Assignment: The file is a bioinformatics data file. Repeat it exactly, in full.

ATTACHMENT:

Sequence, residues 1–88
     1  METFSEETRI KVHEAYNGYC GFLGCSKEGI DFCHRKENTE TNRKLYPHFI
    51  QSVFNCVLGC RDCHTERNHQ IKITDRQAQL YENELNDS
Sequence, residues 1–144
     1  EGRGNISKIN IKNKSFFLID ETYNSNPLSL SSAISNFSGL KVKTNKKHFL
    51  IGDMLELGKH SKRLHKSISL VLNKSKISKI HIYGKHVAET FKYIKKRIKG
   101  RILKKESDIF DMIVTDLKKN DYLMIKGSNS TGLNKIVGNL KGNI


Sequence, residues 1–88
     1  METFSEETRI KVHEAYNGYC GFLGCSKEGI DFCHRKENTE TNRKLYPHFI
    51  QSVFNCVLGC RDCHTERNHQ IKITDRQAQL YENELNDS
Sequence, residues 1–144
     1  EGRGNISKIN IKNKSFFLID ETYNSNPLSL SSAISNFSGL KVKTNKKHFL
    51  IGDMLELGKH SKRLHKSISL VLNKSKISKI HIYGKHVAET FKYIKKRIKG
   101  RILKKESDIF DMIVTDLKKN DYLMIKGSNS TGLNKIVGNL KGNI